In June we published our JMAlert that outlined how ipso facto reforms will affect commercial contracts entered into after 30 June 2018, click here to view the article.

Since then, the Corporations (Stay on Enforcing Certain Rights) Declaration 2018 (Declaration) and Corporations Amendment (Stay on Enforcing Certain Rights) Regulations 2018 (Regulations) were made. These are critical parts of the reform package and operate to exclude some important rights and contracts from the new law.

While it is clear that only new contracts entered into after 30 June 2018 are caught by the new law, the position was less clear in respect of pre-30 June contracts that are assigned or novated after 30 June. The Regulations clarify the position, through transitional provisions which allow any contract entered into before 1 July 2018 to be novated, assigned or varied before 1 July 2023 without being subject to the ipso facto reforms.

By category, the following excluded contracts or contractual rights are also not covered by the new law:

Contracts regarding shares or securities

  • Underwriting arrangements for the issue or sale of securities
  • Security subscriptions or offers of securities under a rights issue
  • Margin lending facilities and derivatives
  • A “securities financing transaction”
  • The issue of securities, financial products, bonds, promissory notes or syndicated loans

Construction and project management contracts for

  • Project finance arrangements that involve “special purpose vehicles”
  • The provision of certain project works or goods or services for building works in the construction industry, if the total payment for those works, goods and services is at least $1 billion (provided the contract is entered into between 1 July 2018 and 30 June 2023).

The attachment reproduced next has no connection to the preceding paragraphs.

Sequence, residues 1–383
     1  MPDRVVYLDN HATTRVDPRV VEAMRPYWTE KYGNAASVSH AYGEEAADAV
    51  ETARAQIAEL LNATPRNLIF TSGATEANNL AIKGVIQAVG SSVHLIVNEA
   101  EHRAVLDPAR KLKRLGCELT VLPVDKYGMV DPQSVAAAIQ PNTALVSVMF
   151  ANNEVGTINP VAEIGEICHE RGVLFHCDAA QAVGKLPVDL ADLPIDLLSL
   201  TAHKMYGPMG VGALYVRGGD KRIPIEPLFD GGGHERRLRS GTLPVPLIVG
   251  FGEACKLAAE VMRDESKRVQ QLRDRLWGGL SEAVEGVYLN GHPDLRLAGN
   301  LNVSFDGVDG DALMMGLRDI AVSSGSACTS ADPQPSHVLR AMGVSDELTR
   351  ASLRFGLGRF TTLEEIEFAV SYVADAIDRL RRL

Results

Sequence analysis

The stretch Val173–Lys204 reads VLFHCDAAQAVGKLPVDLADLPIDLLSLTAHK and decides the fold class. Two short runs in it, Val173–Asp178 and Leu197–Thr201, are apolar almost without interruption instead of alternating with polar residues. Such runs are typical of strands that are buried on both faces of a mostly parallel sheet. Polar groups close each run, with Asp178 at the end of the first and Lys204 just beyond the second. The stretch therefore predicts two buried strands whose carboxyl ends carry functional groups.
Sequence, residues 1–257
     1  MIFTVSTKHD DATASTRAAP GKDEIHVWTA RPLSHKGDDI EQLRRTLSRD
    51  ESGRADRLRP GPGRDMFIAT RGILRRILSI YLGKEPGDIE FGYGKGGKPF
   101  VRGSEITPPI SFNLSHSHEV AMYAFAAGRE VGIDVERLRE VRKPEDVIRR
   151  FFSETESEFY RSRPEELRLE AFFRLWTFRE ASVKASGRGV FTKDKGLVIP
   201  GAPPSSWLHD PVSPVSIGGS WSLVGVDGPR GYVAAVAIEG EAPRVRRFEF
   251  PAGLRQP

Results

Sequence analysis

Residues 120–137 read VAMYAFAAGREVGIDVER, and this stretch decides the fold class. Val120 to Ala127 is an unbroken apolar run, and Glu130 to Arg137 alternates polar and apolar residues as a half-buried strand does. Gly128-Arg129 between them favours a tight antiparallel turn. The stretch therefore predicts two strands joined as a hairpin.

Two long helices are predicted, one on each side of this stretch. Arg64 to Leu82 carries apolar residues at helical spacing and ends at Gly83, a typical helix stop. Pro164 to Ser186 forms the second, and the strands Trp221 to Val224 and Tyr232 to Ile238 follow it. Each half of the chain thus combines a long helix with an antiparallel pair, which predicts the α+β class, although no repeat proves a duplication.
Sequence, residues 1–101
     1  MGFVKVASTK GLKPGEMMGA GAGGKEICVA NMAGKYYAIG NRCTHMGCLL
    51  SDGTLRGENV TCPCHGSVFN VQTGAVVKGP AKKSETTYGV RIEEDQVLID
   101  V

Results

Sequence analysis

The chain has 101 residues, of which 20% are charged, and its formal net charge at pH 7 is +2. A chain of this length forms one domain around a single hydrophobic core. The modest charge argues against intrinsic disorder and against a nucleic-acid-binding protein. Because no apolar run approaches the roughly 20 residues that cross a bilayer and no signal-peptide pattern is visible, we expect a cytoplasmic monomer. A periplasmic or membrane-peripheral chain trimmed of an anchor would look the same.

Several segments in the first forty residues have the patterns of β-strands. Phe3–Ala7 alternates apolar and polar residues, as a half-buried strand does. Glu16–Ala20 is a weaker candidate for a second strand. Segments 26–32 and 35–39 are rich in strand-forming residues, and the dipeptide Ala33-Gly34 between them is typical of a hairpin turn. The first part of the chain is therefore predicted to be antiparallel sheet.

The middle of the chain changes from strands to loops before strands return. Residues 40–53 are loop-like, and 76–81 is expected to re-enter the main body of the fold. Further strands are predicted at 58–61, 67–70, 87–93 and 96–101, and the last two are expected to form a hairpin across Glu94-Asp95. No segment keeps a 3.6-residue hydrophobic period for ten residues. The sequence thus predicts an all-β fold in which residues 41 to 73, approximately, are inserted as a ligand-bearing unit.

• Some step-in rights

Government contracts for

  • Australia’s national security, border protection or defence capability
  • The supply of goods or services to, or by, public hospitals or public health services
  • The supply of essential or critical information technology, or communications technology, products or services. This includes supplies to local government.
  • Rights under financing arrangements
  • Rights to change or enforce how an amount is calculated, like a default interest under a financing arrangement or associated security
  • Indemnities for losses or liabilities when preserving or enforcing rights
  • Termination rights in a standstill or forbearance agreements
  • Rights to change the priority that amounts are paid
  • Acceleration rights to set-off or net balances. This is not a general exclusion for rights that accelerate when an amount is due and payable
  • Assignment or novation rights, subordination agreements, flawed asset agreements and factoring agreements.

Sale of business contracts including

  • Business asset sales
  • Share or security sales

The list of excluded contracts and rights is broad, and limits the scope and application of the new ipso facto laws. At the same time, being new law, disputes may emerge about the practical application of the Regulations and Declaration.

You will therefore need to carefully assess if and how the new law applies to your contracts, and consider if the contract or a right falls within the ambit of an exclusion or transitional provisions. To protect your commercial interests, it may be necessary to amend certain contracts to take into account the new law.